Advertising major Saatchi coming to India

Wednesday, 30 June 2004, 07:00 Hrs
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LONDON: Advertising major Saatchi has announced plans to open an office in India as part its expansion plans.

David Kershaw, a founding director and chief executive-designate of the agency, said the company's roll-out in Asia would be in the near future, with offices planned in China, South Korea, Indonesia, Thailand and India.

It will subsequently have outlets in France, Germany, Italy and Spain by autumn 2006. The firm would look to Eastern Europe and Russia once those expansions were completed.

Charles and Lord (Maurice) Saatchi co-founded M & C Saatchi in 1995 after shareholders forced them out of Saatchi & Saatchi, their original company and the agency behind the "Labour isn't working" campaign for the Conservative party in 1979.

With the old agency now part of the huge media and communications group WPP, the successor enterprise announced plans to put the Saatchi brand back on the stock market.

The agency plans to raise 10 million pounds from the Alternative Investment Market towards the end of July, valuing the company at 70-75 million pounds.

The five founding directors, including the Saatchi brothers, own now about 80 percent of the firm and aim to sell 40 percent of that holding by floatation in the market, raising 4.4 million pounds each.

Following the floatation in the market, the directors will control just over half of the equity and their stakes will be subject to a two-year lock-in clause.

The brothers earned millions from Saatchi & Saatchi but have scaled down their involvement in the industry. Charles, who stopped taking an active role in 1997, is better known as the UK's leading modern art collector.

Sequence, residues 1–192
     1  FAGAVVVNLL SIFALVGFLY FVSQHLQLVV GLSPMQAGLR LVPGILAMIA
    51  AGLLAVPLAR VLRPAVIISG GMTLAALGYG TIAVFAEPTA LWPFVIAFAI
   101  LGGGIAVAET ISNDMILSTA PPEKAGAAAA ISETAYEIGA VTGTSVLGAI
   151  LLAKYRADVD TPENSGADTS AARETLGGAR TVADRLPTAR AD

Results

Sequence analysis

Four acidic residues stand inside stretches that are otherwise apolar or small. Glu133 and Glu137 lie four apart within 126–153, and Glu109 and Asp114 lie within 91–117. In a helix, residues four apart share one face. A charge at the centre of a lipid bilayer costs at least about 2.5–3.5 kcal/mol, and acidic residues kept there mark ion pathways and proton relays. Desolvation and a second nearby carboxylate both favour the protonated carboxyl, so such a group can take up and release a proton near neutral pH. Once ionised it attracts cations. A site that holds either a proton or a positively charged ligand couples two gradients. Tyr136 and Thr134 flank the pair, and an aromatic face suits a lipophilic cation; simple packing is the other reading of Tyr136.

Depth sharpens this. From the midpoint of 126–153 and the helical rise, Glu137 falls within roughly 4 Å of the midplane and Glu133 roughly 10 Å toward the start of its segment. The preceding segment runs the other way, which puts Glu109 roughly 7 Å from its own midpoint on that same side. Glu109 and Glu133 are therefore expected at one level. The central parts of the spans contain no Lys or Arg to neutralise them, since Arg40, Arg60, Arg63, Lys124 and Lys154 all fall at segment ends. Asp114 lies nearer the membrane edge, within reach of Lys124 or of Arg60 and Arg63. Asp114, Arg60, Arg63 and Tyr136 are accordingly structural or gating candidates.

Maurice works for the firm part-time and is co-chairman of the Conservative party, which was propelled to power in 1979 on the back of his company's campaign.

David Kershaw, a founding director and chief executive-designate of the agency, said M & C Saatchi's business model "could not be more contrasting" with that of its predecessor.

Saatchi & Saatchi become the world's largest advertising agency in the mid-80s but hit difficulties in the early 90s media recession. Maurice quit following a dispute with shareholders in 1995.

The agency was renamed Cordiant and sold to Publicis four years ago in a 1.3 billion pound deal. Cordiant was rescued by Sir Martin Sorrell's WPP last year after a series of high-profile client losses.

"Saatchi & Saatchi, which set the pattern for those that followed us, was absolutely built on an acquisition model... Every single business we have started has been a start-up. It is just a very different culture of company," Kershaw said.

The company, which has minimal debt, will use the proceeds to expand in Europe and Asia. Mindful of mistakes made in the past, M & C Saatchi's business model eschews big-money deals.

Reports say that it poaches executives from the big advertising groups to set up international offices, which are 80 percent-owned by the founding directors with the other 20 percent controlled by staff.

"Rather than buying brands and goodwill we have found people within the conglomerates, we have given them equity and allowed them to be part of the brand," said Kershaw.

Source: IANS
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